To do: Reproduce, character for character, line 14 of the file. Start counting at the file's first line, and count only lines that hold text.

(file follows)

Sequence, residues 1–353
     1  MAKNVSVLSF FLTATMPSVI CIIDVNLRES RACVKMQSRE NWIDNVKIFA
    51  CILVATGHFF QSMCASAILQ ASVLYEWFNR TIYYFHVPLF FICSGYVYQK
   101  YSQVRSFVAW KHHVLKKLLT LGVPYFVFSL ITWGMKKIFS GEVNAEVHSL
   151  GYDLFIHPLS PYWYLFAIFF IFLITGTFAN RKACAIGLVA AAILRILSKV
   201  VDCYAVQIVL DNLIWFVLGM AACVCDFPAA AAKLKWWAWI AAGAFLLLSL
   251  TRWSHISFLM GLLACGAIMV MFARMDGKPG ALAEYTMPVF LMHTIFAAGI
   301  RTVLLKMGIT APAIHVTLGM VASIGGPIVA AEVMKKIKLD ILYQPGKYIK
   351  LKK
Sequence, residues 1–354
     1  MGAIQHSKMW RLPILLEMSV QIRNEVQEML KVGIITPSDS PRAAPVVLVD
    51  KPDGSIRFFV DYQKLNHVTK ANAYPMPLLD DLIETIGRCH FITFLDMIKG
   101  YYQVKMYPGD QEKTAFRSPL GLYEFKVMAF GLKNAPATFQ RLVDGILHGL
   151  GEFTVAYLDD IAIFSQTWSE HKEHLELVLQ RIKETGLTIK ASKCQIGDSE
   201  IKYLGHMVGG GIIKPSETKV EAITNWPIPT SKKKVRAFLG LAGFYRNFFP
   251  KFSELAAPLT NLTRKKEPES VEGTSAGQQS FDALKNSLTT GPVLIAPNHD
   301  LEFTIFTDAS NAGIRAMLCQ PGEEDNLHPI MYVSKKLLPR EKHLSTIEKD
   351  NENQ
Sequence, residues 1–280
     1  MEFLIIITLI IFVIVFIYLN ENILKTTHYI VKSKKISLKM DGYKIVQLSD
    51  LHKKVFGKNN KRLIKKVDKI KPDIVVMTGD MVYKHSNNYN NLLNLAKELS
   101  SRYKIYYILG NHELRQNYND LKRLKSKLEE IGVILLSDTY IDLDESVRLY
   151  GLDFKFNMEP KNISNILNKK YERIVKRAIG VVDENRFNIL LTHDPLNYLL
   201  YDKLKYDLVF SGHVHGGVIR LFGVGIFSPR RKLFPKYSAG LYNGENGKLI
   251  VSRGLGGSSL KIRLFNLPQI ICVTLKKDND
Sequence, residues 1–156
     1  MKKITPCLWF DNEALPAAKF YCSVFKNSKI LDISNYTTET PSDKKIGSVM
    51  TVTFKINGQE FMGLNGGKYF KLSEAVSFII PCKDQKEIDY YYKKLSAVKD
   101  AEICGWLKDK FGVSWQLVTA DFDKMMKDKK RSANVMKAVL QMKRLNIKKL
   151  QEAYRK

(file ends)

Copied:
   151  GEFTVAYLDD IAIFSQTWSE HKEHLELVLQ RIKETGLTIK ASKCQIGDSE